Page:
The Observer Post reached out to Advocate Saif Alam the representative of the case who says, “A student has chosen me as their lawyer. Last year, I handled a similar case where we issued a notice to the junior college. We agreed that the girls would remove their burqas and hijabs while attending classes.”

Last August, the college had already stopped junior college students from wearing hijabs and burqas after introducing a uniform policy: shirts and trousers for boys, and salwar, kameez, and jackets for girls. After protests, the college allowed students to enter but required them to remove their coverings before attending classes, leading to several Muslim girls leaving the college.

“Now this year these people are implementing the same in the degree college. Currently, holidays are going on and this message from the college administration has developed fear among the girls. When we tried to reach out to the administration, they cited placement concerns as the reason for the ban. However, other colleges like Xavier and KC in Mumbai have no such restrictions. This decision is completely against Article 14(Equality before the law), Article 19(Freedom of speech, assembly, association, etc), Article 21(Right to life and personal liberty) and Article 25(Freedom of religion),” says Alam.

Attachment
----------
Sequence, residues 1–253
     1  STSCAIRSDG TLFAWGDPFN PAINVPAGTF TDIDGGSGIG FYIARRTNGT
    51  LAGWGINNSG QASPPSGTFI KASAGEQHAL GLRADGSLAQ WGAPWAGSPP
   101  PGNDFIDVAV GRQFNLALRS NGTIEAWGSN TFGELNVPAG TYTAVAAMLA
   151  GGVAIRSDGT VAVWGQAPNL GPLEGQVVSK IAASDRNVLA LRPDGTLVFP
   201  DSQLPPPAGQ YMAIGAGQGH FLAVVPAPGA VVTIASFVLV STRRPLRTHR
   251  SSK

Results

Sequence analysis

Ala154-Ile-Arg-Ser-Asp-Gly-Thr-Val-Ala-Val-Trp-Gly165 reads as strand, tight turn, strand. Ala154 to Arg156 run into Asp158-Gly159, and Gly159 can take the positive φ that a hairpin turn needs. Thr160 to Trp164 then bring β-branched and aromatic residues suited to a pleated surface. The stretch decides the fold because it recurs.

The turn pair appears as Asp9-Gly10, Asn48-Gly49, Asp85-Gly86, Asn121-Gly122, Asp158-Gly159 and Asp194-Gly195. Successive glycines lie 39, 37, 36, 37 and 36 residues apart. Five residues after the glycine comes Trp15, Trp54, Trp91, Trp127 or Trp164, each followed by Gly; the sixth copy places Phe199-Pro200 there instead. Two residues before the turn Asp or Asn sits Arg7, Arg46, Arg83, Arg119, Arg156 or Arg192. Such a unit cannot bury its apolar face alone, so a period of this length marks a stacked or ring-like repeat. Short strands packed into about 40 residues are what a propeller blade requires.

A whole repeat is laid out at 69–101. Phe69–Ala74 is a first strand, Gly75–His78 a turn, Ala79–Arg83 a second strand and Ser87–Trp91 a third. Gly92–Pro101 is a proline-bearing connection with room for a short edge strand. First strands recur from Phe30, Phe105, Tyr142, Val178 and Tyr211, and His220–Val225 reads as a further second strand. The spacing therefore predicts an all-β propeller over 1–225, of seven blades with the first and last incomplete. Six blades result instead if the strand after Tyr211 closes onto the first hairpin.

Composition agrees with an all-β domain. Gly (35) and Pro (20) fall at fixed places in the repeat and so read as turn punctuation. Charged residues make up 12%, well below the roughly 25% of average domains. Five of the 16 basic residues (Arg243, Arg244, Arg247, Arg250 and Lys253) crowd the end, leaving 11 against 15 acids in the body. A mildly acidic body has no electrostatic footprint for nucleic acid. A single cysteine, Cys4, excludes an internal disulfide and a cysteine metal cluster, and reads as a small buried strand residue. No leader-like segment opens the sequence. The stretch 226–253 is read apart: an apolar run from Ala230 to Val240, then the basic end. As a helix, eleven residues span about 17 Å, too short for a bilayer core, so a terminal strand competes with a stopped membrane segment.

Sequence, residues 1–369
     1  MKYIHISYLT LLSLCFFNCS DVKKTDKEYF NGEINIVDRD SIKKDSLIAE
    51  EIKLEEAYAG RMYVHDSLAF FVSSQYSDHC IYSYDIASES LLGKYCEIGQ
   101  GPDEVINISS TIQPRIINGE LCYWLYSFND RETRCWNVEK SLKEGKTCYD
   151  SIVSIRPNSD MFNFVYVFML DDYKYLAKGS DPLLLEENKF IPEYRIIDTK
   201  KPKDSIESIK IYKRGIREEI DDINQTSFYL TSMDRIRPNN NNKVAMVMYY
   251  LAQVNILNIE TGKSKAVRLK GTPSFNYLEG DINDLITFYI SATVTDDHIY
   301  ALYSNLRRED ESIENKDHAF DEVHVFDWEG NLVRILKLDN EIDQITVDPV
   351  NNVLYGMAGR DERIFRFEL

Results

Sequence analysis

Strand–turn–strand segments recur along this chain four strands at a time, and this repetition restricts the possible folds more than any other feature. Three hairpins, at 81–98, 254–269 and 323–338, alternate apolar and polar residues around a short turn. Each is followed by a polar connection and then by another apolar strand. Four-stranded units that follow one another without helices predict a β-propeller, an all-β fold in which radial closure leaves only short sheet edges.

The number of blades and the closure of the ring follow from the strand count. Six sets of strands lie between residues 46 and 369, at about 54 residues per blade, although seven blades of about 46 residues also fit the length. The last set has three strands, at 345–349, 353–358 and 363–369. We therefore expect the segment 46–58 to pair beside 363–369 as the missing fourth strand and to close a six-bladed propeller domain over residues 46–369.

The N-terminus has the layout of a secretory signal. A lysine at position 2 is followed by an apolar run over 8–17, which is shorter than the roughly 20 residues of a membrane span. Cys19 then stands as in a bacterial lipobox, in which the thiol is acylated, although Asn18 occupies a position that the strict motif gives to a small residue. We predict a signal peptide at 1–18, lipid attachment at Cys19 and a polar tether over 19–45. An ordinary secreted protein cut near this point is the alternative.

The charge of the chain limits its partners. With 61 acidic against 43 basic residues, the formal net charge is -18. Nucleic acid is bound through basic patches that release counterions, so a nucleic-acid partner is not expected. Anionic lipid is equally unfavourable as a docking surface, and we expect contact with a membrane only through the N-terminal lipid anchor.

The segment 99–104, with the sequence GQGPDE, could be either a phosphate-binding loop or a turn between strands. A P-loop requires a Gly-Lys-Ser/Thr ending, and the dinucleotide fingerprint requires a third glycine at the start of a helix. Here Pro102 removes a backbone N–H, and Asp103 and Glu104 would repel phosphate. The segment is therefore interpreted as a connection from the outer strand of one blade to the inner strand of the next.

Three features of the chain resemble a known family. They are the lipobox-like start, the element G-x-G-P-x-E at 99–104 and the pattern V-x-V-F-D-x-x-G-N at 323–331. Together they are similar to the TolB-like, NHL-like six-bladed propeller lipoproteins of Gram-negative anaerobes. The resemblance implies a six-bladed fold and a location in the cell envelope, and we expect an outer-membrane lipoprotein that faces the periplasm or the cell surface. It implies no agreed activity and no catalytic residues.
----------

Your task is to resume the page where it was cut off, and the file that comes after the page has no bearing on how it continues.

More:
Alam mentions that the current case is different from Karnataka as under the State Education Policy of Karnataka there is a ban on hijab, however, under the Maharashtra State Education Policy, there is no ban on burqa and hijab.

As a degree college approved by the University Grants Commission (UGC), Acharya Marathe follows UGC rules. There’s no ban on burqas or hijabs. UGC guidelines even recommend arriving half an hour early for exams if wearing a burqa to facilitate the process.

“The Secretary of the Governing Council of this college is Subodh Acharya,” Advocate Saif Alam pointed out. “Subodh Acharya is the leader of Shiv Sena’s Uddhav faction. On one hand, Uddhav Thackeray is asking for votes from Muslims, and on the other hand, a leader of his own group is making such decisions.”

Ateeque Ahmed Khan, a city educator, shared the account: “The girls got a message in their official college WhatsApp group about a new dress code. It didn’t mention a uniform but specified not wearing niqab and hijab. When I approached the college principal, she affirmed the introduction of this dress code and suggested finding admission elsewhere if we wanted to wear hijab. She listed some colleges where hijab was allowed. I told the principal that look, it is a question of the right to choose, what the children will wear or not wear depends on their choice, to which the principal replied that it is our right to choose to make this rule”

The Observer Post contacted Acharya Marathe’s Principal Vidra Gauri who said, “I’m just implementing decisions here. The college’s governing body makes the rules, including this one. I’m just following orders.”

She further said, “We never said anything about banning only burqas or hijabs. The quotes attributed to me are wrong; my words are being twisted or misunderstood.”